CD/DVD Review: The Rolling Stones – From the Vault: The Marquee Club – Live In 1971

CD/DVD Review: The Rolling Stones – From the Vault: The Marquee – Live In 1971
Eagle Rock Entertainment
All Access Rating: A

The Rolling Stones - From
The Vault: The Marquee Club -
Live In 1971
Still a month away from the hotly anticipated release of Sticky Fingers, the Rolling Stones – fresh off their "1971 Farewell Tour of the UK" – set up at London's famed Marquee Club for a rare intimate performance filmed for American television.

Eric Clapton was there to see it, and so was Jimmy Page, among others of similar stature. And the Stones showed them all how it was done, their swagger born of an innate knowledge that nobody, but nobody, could touch them on a good night, let alone a great one.

And to think, highly sought-after footage of that gig sat in an attic for two decades, just gathering dust. What better time than the present for its new unveiling, now that the Stones have reissued, in grand fashion, Sticky Fingers in all its gritty, cocksure glory.

Restored with loving care by Bob Clearmountain, its impressive 5.1 surround sound on the DVD and SD Blu-ray versions and rich, luxuriously colorful imagery capturing the essence of a band at the absolute peak of its powers, "From the Vault: The Marquee Club – Live In 1971" finds the Stones brimming with confidence and unafraid to mess around with songs considered sacred by many. They're almost cavalier in how they approach a rather ramshackle, easy-going version of "(I Can't Get No) Satisfaction" that seems gleefully out of step with the urgency and the barely contained sexual frustration of the original. And after romping through "Midnight Rambler" with feverish energy, the Stones sounding as tight and industrious as ever, and Mick Jagger huffing and puffing away on harmonica, a wide, natural smile spreads across Keith Richards' face and it says, "That was pretty good, wasn't it?" Yes it was, Keith. Yes it was.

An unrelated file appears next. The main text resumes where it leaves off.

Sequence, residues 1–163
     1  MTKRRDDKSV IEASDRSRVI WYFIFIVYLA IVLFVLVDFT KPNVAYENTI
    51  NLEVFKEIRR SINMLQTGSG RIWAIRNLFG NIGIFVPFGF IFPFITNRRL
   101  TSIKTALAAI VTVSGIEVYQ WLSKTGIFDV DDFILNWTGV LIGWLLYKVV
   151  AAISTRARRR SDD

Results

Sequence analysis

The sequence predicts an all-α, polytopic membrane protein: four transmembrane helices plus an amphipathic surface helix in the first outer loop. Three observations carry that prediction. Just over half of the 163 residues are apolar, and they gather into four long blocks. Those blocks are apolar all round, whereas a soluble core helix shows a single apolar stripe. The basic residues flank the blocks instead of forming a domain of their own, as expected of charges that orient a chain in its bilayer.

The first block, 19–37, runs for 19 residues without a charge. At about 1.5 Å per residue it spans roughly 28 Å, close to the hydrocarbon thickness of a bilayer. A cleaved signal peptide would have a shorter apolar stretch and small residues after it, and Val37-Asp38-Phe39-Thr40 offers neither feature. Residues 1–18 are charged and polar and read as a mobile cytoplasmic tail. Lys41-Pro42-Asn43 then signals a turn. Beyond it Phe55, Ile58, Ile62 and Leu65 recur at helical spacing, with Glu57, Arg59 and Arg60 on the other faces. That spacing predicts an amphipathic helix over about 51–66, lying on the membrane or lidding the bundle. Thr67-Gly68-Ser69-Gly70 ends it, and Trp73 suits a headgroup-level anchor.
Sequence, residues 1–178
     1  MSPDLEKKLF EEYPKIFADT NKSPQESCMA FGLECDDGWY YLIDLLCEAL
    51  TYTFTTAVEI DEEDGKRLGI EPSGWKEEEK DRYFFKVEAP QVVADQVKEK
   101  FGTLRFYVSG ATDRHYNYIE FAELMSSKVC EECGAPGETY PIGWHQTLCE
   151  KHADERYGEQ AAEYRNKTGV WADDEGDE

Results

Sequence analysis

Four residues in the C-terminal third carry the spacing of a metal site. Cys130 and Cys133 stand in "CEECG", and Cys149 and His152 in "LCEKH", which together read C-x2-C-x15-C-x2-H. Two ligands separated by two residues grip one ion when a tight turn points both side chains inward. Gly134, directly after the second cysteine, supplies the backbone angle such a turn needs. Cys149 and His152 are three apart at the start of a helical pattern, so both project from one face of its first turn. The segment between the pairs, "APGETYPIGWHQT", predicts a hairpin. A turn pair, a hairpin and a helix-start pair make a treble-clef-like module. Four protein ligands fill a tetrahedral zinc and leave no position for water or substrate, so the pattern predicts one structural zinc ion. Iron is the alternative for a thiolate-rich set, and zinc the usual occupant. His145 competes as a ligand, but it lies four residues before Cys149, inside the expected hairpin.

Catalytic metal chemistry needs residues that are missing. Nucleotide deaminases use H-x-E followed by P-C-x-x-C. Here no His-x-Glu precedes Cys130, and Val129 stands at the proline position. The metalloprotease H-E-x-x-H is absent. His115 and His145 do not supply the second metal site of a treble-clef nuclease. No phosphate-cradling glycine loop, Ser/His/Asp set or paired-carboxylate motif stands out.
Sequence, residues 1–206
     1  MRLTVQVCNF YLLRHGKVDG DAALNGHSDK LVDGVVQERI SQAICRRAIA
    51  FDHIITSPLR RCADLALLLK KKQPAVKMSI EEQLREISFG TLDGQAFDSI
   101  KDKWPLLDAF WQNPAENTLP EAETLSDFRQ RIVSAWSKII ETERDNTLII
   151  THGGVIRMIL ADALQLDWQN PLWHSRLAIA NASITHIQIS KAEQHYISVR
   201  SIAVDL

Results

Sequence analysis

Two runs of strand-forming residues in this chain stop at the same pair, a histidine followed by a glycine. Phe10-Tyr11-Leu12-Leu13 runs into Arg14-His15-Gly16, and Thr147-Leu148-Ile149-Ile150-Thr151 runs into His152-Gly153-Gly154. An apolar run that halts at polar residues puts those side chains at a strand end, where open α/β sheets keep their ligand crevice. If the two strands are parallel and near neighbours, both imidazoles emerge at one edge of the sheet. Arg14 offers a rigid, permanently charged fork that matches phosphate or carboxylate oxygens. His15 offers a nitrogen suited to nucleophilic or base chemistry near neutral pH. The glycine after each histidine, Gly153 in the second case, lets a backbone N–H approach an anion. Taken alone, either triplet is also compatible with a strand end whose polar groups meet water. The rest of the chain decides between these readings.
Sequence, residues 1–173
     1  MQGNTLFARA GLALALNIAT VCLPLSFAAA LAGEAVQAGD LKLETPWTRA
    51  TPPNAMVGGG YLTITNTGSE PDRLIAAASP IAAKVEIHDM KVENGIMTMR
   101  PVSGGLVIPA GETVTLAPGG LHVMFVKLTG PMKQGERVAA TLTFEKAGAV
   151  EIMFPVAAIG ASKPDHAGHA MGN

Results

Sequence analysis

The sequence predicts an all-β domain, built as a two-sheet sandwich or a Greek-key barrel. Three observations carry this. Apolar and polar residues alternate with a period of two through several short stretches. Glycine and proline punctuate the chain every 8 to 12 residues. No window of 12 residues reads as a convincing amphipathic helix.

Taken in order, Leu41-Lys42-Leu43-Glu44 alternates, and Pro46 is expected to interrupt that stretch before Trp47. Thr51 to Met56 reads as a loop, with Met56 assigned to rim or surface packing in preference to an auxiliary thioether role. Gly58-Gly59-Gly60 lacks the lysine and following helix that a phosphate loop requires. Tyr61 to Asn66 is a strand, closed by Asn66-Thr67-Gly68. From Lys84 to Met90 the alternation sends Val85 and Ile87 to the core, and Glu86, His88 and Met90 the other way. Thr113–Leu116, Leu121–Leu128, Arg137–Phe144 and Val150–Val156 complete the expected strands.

Strutting and preening, as is his wont, the playful Jagger is a magnet for smartly directed cameras and close-ups, as he savors every line dripping from a slowly cooked "I Got The Blues," throws himself into a raucous cover of Chuck Berry's "Let It Rock" and, as Ian Stewart's high-stepping piano gets to work, infuses machismo, arrogance and sass into the ripping opener "Live With Me." Charlie Watt's drumming is clever, propulsive and rigorous, while Bill Wyman calmly and unobtrusively steers the ship with gripping bass lines, Bobby Keys and Jim Price assertively blow their horns with soulful conviction on command and Richards and Mick Taylor negotiate whatever issues they had with an uneasy mixture of toughness and licks that can be nasty or tasteful.

Packaged as a CD/DVD combo, and also available as a DVD/LP or Blu-ray/CD offering, "From The Vault: The Marquee Club – Live In 1971" is a true treasure, since much of material has gone completely unseen. Filmed professionally with a thirst for action and seemingly covered in a lush, early '70s patina that's almost glossy, it has great historical value. This is where the forbidden fruits of "Brown Sugar," "Bitch" and a crisply played "Dead Flowers" were first tasted, and they must have left the ragged company that witnessed it flush with excitement. Eagle Rock Entertainment ups the ante on this concise, yet explosive set, with alternate takes of "I Got The Blues" and "Bitch," plus a bit of the Stones doing "Brown Sugar" on "Top Of The Pops" in 1971 adding value. All these years later, the Stones are still delivering the goods in concert, but they were hitting on all cylinders in 1971, and this is the kind of show that made them legends.
– Peter Lindblad

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